Hammesfahr, Petra - 'The Sinner' (translated by John Brownjohn)
One otherwise unremarkable sunny day, Cora Bender decides to end her life. Instead, she ends up stabbing a man to death in full view of his friends and her family. There seems no reason, and Cora, when taken into custody, is determined to keep the motivation for her actions hidden. When taken into custody she confesses, wanting it left at that, coming up with a tissue of lies when pressed for more detail. However, that isn't enough for police commissioner Rudolf Grovian, who embarks on a determined hunt for the real reason behind Cora's sudden frenzy, despite her desperate evasions and lies. It turns into a hunt that leads him to the revelation of one young woman's private, hellish past.
Petra Hammesfahr's THE SINNER is a brilliant book, an absolutely masterly piece of crime fiction. Once again I find myself endlessly grateful for the continuing zeitgeist of translated crime, which means that we English readers get the treat of reading this exemplary psychological thriller, a haunting descent into the torments of one woman's youthful years. Gradually, through the screen of deceptions and half-truths Cora desperately tries to construct to stop people finding out and confronting her with reality, Hammesfahr pieces together the details of her tragic past, and one horrific instance in particular. It's a past and a psychology elaborated with compassion yet directness, a savage crime explained with a strange underlying tenderness for its perpetrator.
THE SINNER immediately reminds you of the style of books written by Barbara Vine and Minette Walters, where harrowing events in the past are gradually uncovered and explain the present. It shares that with the Vines', and it shares a quicker pace and more direct thrust with the Walters'; it has the piercing psychological insight that is common to both. And these are high compliments indeed. It's an immensely powerful novel, suspenseful from the first page to the last, and so very gripping; one of those books I can read late into the night without a care for sleep or any early starts I might have, all through a need to know exactly what drove Cora to do what she did, what could possibly lie behind it. One of the troubles with this kind of book is that a *lot* of build-up creates a reliance on a particularly satisfying pay-off, and sometimes that pay-off, the shocking secret, isn't good enough enough, but that's certainly not the case here. The whole thing builds into a satisfying, surprising (but very internally plausible) conclusion, a great final revelation which shocks at the same time as making complete sense. Hammesfahr conjures rationality out of a psychological mess, out of an opaque plot riven with both truth and lies, and in doing so shows how good her plotting has been, too.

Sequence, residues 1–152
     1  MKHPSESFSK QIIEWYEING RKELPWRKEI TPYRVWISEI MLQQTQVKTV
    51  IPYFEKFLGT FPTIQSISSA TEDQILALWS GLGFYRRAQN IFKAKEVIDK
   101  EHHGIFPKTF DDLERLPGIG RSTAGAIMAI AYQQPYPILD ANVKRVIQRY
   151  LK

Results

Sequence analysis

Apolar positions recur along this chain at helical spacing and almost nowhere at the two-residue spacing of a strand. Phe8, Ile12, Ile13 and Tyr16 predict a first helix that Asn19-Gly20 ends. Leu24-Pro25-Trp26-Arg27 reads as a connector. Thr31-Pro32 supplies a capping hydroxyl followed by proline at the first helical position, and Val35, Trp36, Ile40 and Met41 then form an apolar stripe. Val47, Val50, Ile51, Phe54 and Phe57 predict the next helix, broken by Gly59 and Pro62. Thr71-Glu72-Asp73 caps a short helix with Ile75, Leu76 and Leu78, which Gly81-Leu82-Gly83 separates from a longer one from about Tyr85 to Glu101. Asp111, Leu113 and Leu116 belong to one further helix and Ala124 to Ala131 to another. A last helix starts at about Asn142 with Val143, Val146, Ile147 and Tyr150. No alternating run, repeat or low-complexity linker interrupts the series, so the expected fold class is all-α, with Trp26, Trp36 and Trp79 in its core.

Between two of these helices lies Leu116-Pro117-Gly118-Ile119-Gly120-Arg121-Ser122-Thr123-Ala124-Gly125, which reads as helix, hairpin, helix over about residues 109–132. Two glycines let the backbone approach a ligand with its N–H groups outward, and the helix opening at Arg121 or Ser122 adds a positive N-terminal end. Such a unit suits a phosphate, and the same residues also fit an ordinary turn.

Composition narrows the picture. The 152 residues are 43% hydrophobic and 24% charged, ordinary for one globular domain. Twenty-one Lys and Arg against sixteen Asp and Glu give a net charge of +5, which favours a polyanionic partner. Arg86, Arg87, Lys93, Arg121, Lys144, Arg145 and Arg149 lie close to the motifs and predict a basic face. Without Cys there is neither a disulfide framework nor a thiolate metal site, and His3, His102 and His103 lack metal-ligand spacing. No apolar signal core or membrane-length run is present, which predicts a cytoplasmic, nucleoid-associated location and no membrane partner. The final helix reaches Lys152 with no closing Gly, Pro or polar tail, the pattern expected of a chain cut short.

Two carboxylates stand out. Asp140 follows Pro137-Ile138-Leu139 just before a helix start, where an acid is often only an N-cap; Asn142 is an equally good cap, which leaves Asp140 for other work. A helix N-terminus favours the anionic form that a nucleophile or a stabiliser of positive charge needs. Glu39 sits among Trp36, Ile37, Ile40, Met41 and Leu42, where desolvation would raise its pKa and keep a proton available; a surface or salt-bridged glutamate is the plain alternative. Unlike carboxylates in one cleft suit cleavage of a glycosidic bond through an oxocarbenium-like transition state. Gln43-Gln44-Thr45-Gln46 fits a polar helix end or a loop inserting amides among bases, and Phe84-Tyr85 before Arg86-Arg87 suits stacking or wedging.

In honesty, I can't really praise this book enough. It's a brilliant piece of work, focused, fascinating, and very well written indeed. It's a great mystery and a first-class psychological portrait of a woman tormented by her past. I really cannot recommend it highly enough. It's a book where you never really know where you are, or necessarily where you're going, but you know you definitely want to be on the journey. There's been a lot of buzz about Stieg Larsson's THE GIRL WITH THE DRAGON TATTOO, and deservedly so, but this first translation from Hammesfahr is without doubt of equal quality, and deserves just as much praise. In the foreign crime novel stakes, it was best I read in 2007 (no, forget that: in the plain old crime novel stakes, it was the best I read in 2007), and, along with that Larsson, the crop for this year's Duncan Lawrie International looks very strong indeed... Read it. Then make them translate more.
Fiona Walker, England